The Yehoshua Rabinovich Foundation for the Arts’ Cinema Project supports a huge range of productions. Melanie Goodfellow finds out how it makes its funding decisions.
There has been much discussion within the Israeli film industry about whether its funds reflect the country’s diverse population in their choice of awardees, amid the culture ministry’s proposed changes to film financing.
One fund that undoubtedly ticks the diversity box is the Yehoshua Rabinovich Foundation for the Arts’ Cinema Project. The Tel Aviv-based entity is out in force at Jerusalem Film Festival (JFF) this year, with a trio of very different competition titles.
They include Michal Aviad’s Working Woman, about a young mother dealing with workplace sexual harassment, Joseph Madmony and Boaz Yehonatan Yacov’s secular-religious divide drama Redemption, and Yona Rozenkier’s The Dive, about three brothers who let rip on the remote northern Israeli kibbutz where they grew up ahead of military service in Lebanon.
Aviad’s Working Woman feeds into the contemporary debate around sexual harassment in society sparked by the Harvey Weinstein scandal and the subsequent #MeToo movement. Yoav Abramovich, deputy director and artistic director for feature-length films at the Cinema Project, notes the body had boarded the feature prior to the rise of #MeToo. “We’ve supported Michal’s films in the past,” Abramovich explains. “She is a very experienced filmmaker. She came to us with this wonderful script about sexual harassment and we selected it right away. We just loved it for the delicate and sensitive way it treated the subject.”
Madmony and Yacov’s Redemption is already racking up prizes following a successful world premiere at Karlovy Vary International Film Festival in early July. It follows in the footsteps of another Rabinovich grantee, The Cakemaker, which enjoyed a warm reception at Karlovy Vary last year.
“[Redemption] is another topical film looking at the line between religious and secular worlds in Israel. Both the director and the main character are secular people who became religious,” Abramovich explains. “The film looks at this process and what becomes of the relationships with friends left behind in the secular world.”
The Cinema Project also backed Documentary Competition title The Oslo Accords, which pieces together the tale of the secret backchannel talks held between Yitzhak Rabin and Yasser Arafat in the lead-up to the Oslo Accords in 1993. The documentary, which premiered at Sundance Film Festival earlier this year, is by Mor Loushy and Daniel Sivan, the same team that made the award-winning Censored Voices.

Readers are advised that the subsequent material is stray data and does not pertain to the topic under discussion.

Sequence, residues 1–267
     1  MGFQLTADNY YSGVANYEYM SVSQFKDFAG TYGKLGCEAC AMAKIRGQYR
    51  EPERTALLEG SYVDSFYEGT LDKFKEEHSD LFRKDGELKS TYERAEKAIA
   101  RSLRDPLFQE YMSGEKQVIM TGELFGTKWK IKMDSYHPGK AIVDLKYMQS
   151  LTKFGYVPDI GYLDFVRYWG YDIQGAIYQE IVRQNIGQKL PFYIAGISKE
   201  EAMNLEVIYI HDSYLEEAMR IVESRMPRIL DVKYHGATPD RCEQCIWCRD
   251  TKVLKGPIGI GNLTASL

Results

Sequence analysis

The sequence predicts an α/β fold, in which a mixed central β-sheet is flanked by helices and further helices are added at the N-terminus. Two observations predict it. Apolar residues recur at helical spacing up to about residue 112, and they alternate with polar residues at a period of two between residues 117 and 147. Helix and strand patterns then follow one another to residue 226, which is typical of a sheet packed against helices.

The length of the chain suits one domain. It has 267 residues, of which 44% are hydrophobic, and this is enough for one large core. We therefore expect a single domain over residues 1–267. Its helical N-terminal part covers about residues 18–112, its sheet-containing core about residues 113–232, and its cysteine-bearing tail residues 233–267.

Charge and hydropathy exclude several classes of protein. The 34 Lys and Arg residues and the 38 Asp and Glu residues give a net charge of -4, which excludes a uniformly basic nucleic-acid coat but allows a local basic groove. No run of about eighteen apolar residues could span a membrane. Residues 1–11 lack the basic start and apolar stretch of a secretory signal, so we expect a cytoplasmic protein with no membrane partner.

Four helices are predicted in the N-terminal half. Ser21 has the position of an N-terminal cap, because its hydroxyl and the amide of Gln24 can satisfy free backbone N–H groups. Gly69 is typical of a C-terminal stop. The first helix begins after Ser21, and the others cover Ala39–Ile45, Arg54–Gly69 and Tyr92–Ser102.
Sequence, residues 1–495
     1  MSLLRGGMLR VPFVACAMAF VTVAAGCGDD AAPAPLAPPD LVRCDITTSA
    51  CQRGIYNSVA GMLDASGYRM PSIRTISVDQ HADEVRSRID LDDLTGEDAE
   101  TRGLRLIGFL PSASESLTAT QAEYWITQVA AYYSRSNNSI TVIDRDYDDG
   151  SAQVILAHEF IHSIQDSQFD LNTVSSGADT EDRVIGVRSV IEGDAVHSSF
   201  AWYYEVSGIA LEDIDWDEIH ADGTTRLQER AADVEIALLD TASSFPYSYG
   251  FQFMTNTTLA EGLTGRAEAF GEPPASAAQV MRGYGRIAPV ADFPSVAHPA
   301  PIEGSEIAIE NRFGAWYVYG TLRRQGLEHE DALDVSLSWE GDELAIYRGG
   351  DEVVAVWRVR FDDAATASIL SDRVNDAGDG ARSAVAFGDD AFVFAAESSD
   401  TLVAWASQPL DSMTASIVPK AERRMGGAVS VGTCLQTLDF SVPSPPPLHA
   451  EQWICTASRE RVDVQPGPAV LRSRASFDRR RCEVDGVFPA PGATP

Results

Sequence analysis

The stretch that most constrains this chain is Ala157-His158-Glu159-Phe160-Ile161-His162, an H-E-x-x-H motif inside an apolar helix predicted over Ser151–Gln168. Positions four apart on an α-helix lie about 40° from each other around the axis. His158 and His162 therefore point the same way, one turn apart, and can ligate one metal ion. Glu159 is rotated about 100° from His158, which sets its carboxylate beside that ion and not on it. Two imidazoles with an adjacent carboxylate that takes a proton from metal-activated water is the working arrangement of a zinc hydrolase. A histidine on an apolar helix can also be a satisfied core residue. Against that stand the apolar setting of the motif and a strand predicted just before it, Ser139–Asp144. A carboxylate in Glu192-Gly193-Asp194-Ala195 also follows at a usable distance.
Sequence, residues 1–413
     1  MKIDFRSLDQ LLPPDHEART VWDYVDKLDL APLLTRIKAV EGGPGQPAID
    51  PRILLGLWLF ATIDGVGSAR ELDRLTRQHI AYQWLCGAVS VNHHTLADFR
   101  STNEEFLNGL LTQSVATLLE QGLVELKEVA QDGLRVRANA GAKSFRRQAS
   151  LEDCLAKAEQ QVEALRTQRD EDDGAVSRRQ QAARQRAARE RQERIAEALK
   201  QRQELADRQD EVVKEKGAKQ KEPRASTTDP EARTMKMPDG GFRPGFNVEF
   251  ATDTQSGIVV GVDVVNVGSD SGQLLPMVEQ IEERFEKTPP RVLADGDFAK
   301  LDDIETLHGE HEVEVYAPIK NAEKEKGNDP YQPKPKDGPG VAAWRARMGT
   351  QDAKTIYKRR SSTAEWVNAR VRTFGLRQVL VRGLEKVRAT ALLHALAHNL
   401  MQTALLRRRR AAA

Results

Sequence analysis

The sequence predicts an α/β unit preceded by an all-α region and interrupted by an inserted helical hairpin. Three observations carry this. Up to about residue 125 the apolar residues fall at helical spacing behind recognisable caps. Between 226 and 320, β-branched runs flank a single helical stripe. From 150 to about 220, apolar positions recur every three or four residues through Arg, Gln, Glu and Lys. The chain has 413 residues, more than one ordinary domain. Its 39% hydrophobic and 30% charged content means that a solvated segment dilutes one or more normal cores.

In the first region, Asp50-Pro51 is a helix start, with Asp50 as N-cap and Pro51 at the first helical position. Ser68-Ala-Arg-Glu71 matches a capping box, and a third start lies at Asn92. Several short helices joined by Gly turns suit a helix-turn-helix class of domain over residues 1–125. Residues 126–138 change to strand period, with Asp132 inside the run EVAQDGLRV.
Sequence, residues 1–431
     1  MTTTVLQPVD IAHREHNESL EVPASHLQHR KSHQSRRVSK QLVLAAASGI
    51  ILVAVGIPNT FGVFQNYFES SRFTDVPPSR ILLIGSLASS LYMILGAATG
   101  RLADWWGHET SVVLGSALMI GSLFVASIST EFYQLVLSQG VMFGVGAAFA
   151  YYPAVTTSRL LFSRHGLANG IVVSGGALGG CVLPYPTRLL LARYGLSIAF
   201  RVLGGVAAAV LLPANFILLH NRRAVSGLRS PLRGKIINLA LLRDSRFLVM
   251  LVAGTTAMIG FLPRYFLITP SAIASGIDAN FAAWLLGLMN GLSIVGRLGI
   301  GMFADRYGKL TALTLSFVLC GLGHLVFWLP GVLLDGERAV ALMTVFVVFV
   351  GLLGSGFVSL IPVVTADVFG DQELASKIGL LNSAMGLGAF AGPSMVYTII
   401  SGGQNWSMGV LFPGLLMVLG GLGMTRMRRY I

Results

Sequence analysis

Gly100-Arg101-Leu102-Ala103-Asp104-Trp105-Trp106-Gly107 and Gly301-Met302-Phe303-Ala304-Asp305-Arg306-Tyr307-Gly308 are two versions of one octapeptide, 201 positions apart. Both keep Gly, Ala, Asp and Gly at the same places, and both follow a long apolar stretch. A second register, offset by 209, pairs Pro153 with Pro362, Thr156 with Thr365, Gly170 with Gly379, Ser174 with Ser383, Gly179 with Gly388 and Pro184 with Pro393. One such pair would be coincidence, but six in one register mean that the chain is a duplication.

Further films backed by the Cinema Project that are not screening at JFF, but are expected to make a festival splash soon, include Israeli-Ethiopian filmmaker Alamork Marsha’s debut feature Fig Tree, a drama based on her own experience growing up in war-torn Addis Ababa in the 1990s, and Avi Nesher’s Jerusalem-set The Other Story, exploring the clash between secular and religious values in contemporary Israeli society.
Celebrating its 30th anniversary this year, the Cinema Project has $7.6m (ils28m) to invest annually. The lion’s share, $6.5m (ils24m), goes to feature films while $960,000 (ils3.5m) is earmarked for documentaries and $109,000 (ils400,000) is put into student films.
The fund puts the maximum grant of $528,000 (ils2m) into around seven or eight films a year and then supports another 15 low-budget titles by new directors to the tune of around $54,000 (ils400,000). “We support both Israeli films and co-productions with Israeli partners,” says Abramovich.
Upcoming international productions include Nadav Lapid’s Paris-set feature Synonyms, about a young Israeli living in the French capital, and Eran Riklis’s spy thriller Spider In The Web, starring Ben Kingsley and Monica Bellucci.
The fund is also involved in two high-profile animation productions: Ari Folman’s Where Is Anne Frank?, a feature inspired by Frank’s diaries, and Gidi Dar’s ambitious Legend Of Destruction, retelling the story of the ruin of Jerusalem’s Second Temple in 70ad, to which respected Waltz With Bashir animators David Polonsky and Michael Faust are attached.
“It’s a fascinating project,” says Abramovich of Legend Of Destruction. “While looking at history, it also delves into modern-day politics and warfare and asks whether it could happen today.”
Abramovich suggests that the variety of the projects it selects is due to the cultural mix of its script readers. “The artistic quality of the project and whether we think it will be successful with Israeli audiences are the most important deciders for us,” he explains. “And then [there is] the diversity of our readers, representing many different communities here in Israel, which means diversity comes naturally.”